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Pediatric IV Therapy

Pediatric IV Therapy. Amy E. Irwin, DNP, MS, RN Denver School of Nursing. Purpose of IV Therapy. Correct fluid and electrolyte imbalances Administer medications Administer blood products Administer nutrients. Principles of IV Access.

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Pediatric IV Therapy

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  1. Pediatric IV Therapy Amy E. Irwin, DNP, MS, RN Denver School of Nursing

  2. Purpose of IV Therapy • Correct fluid and electrolyte imbalances • Administer medications • Administer blood products • Administer nutrients

  3. Principles of IV Access • The largest visible vein is not necessarily the preferred one • Consider the comfort of the patient • Consider the position and extent restraint • Consider the vessel’s ability to maintain a needle • Consider the solution to be infused

  4. Developmental Considerations • INFANT • Handle infant gently, speak softly • Avoid arm used for thumb sucking • Cuddle immediately after insertion • Don’t feed immediately prior to insertion • Avoid presence of extra personnel to minimize stranger anxiety

  5. Developmental Considerations • TODDLER/PRESCHOOLER: • Prepare child immediately prior to procedure • Give simple explanations in concrete terms • Explain that you will help child hold still • Emphasize that the IV is not punishment

  6. Developmental Considerations • SCHOOL-AGER • Prepare child ahead of time, but on the day of insertion only • Give the child choices as appropriate • Give positive reinforcement after completion

  7. Developmental Considerations • ADOLESCENT • Prepare teenager several hours to a day before procedure • Approach discussions on a more adult level • Discuss fears related to procedure • Include teen in decisions

  8. Pediatric Optimal Locations • Hands • Forearm • Feet • Scalp **Note if the child is a thumb sucker,etc

  9. Pediatric Catheter Gauges • Use the largest catheter you can successfully insert • Catheter Sizes: Newborn: 24, 22 gauge Infant < 1 year: 24, 22 gauge 1 – 8 years: 22, 20, 18 gauge 8 years and older: 20, 18, 16 gauge

  10. EMLA Cream • Minimizes or prevents pain from needle puncture for an IV, blood sample, or implanted port access. • Apply EMLA cream to the selected site 60 minutes before the procedure. • Cover at least two sites in case the first attempt is not successful.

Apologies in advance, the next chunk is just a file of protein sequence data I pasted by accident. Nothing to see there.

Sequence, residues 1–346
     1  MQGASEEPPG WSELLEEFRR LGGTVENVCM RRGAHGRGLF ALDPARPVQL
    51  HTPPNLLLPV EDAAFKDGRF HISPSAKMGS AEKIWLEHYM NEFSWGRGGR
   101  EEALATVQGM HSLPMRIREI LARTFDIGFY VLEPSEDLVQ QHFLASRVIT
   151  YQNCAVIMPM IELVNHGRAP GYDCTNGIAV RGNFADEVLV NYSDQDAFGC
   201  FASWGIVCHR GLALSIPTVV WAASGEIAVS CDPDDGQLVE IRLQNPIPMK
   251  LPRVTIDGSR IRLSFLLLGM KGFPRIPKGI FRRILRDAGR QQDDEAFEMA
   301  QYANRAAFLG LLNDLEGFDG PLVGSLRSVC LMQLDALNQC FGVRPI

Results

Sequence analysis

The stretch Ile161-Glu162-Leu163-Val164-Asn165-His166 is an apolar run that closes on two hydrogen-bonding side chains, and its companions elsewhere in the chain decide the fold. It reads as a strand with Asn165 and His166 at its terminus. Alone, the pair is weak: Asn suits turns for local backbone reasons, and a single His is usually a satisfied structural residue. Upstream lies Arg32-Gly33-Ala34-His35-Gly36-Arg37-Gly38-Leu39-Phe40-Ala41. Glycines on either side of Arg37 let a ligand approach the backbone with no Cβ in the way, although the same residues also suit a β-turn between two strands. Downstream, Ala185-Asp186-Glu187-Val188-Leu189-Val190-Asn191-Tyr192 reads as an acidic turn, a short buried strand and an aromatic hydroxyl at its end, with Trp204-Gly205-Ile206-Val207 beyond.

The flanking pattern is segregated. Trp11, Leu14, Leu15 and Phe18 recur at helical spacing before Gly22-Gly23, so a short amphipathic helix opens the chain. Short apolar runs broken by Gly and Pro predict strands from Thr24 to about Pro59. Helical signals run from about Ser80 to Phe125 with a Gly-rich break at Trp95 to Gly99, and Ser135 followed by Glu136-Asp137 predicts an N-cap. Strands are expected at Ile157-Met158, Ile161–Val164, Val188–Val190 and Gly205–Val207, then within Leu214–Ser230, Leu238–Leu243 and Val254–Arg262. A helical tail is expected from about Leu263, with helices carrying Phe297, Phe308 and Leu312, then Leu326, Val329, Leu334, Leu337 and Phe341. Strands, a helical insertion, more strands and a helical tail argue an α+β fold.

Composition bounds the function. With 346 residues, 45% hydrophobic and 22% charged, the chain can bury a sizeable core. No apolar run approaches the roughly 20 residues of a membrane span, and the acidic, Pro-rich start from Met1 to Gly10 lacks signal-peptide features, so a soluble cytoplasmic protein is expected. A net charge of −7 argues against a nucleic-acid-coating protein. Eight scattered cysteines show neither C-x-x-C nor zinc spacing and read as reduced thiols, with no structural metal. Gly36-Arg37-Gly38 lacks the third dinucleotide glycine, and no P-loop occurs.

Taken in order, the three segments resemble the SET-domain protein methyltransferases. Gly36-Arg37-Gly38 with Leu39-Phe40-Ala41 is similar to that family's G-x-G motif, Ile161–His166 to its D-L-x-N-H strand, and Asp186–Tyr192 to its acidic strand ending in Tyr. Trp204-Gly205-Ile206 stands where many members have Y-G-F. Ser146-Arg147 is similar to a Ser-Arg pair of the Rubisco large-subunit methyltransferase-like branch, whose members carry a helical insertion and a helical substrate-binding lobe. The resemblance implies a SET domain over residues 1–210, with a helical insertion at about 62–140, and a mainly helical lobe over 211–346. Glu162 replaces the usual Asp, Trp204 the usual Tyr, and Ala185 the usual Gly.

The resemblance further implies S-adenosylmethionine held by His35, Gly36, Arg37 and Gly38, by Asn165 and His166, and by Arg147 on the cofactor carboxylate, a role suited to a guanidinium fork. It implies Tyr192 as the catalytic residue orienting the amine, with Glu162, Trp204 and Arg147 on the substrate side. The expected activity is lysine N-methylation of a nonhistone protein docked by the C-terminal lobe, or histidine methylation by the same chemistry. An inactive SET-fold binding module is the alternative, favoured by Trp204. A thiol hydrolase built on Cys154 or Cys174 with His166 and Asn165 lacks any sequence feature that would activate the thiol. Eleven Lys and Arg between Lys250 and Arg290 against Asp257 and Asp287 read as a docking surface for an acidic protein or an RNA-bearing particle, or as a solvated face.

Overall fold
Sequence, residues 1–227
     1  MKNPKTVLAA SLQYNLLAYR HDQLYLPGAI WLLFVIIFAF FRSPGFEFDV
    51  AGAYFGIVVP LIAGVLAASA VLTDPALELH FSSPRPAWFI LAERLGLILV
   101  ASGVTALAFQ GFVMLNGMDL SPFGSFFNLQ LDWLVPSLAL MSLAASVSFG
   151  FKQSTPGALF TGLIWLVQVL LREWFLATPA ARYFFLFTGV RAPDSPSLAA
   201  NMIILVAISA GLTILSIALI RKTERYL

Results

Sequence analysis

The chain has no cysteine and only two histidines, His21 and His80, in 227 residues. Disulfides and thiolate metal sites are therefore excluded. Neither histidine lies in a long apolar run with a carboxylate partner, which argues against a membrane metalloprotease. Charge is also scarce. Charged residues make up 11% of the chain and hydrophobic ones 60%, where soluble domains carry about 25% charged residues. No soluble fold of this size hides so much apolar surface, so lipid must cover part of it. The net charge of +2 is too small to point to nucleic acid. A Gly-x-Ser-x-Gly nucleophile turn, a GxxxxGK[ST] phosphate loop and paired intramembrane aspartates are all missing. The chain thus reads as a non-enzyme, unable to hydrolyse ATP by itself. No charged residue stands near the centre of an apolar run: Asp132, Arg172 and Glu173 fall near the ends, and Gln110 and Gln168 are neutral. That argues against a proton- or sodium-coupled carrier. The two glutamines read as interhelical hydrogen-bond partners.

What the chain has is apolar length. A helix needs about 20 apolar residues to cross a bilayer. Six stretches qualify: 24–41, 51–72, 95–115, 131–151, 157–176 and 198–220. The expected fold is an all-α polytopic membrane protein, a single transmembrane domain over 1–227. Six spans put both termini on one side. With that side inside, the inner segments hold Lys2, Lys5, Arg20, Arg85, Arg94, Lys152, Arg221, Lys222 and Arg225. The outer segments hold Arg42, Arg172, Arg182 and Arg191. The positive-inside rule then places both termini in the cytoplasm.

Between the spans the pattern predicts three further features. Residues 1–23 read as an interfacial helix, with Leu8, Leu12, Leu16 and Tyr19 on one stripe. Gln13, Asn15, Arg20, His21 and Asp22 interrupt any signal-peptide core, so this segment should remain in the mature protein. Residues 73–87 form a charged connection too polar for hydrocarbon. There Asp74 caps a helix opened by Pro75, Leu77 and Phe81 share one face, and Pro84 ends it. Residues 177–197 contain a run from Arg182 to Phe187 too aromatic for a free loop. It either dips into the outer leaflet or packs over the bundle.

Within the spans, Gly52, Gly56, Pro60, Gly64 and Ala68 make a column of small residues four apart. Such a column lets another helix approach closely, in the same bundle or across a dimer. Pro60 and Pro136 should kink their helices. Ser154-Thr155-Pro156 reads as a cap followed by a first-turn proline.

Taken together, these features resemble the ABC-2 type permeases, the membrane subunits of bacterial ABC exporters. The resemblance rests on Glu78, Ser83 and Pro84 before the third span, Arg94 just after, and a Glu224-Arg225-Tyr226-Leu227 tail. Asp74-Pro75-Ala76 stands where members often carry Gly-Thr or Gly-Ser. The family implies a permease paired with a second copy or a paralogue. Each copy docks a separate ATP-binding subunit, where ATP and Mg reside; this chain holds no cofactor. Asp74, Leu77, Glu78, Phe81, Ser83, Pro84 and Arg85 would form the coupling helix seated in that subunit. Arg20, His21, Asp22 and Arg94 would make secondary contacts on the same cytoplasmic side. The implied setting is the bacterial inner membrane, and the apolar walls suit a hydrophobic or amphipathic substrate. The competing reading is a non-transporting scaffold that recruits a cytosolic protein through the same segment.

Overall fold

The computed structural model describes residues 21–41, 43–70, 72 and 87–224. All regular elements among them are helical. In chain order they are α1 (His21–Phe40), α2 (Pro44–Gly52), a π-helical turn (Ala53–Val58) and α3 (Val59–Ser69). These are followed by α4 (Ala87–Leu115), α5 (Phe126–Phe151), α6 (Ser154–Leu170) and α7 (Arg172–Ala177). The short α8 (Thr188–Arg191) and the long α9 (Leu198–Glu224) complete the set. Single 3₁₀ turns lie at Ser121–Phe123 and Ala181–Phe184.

11. Complications of PIVs • Mechanical factors predispose IV infusion to shorter dwelling time • Mechanical factors include: Insertion site Length of catheter Size of vessel Vessel fragility Activity level of the patient Forceful administration of boluses of fluid Infusion of vessicants or irritants through small vessels

  12. Complications of IV Therapy • Infiltration (extravasation) • Fluid leaks into subcutaneous tissue

  13. Complications of IV Therapy • Catheter Occlusion • Blockage usually by clotted blood or precipitate • Air Embolism • Air enters circulation & travels to right side of heart • Phlebitis • Injury to vein without clot • Inflammation of the blood vessel

  14. Complications of IV Therapy • Thrombophlebits • Inflammation of a blood vessel with thrombus formation • Infection • Introduction of pathologic organisms locally or systemic • Metabolic derangement • Imbalance in electrolytes, minerals, glucose & proteins

  15. Venous Access Devices

  16. Intraosseous Infusion • Used in emergency situations when a peripheral vein cannot be accessed • Needle is inserted into the medullary cavity of a bone • Used to administer fluid and medications • Safe and reliable method for rapid administration

  17. Intraosseous Infusion Site Tips • Using aseptic technique, prep site with povidone-iodine solution • Use 18 gauge in infants < 3 months of age • Use firm, gentle pressure in a twisting motion to insert needle • Insert perpendicular to site, or at a slight angle away from nearest joint • Stop when you feel a “pop” and attempt to aspirate and/or flush • Secure tubing to leg to prevent pulling on insertion site • Flush meds with 5 – 10 cc NS • Requires pressure for fluids to run

  18. Characteristics of Pediatric Administration Sets • Calibrated volume & control chamber with a limited capacity & an automatic shutoff mechanism • Ie. Buretrol, Metriset • Standard of Practice • All IV meds should be placed on a syringe pump if child is < 6 months

  19. Buretrol Administration Set

  20. Characteristics of Pediatric Administration Sets • Drip chamber with microdropper delivering 60 gtts/min or 60cc/hr • Tubing compatible with pump, catheter adapter for needleless systems • Standard of practice: All IV sites should be checked and reprogrammed every hour • Armboards are utilized to maintain integrity of IV site (may also require restraints)

  21. Principles of IV Fluid Therapy • IV fluids are administered for the following reasons: • To provide water, electrolytes, nutrients • To replace water, correct electrolyte deficits (replacement)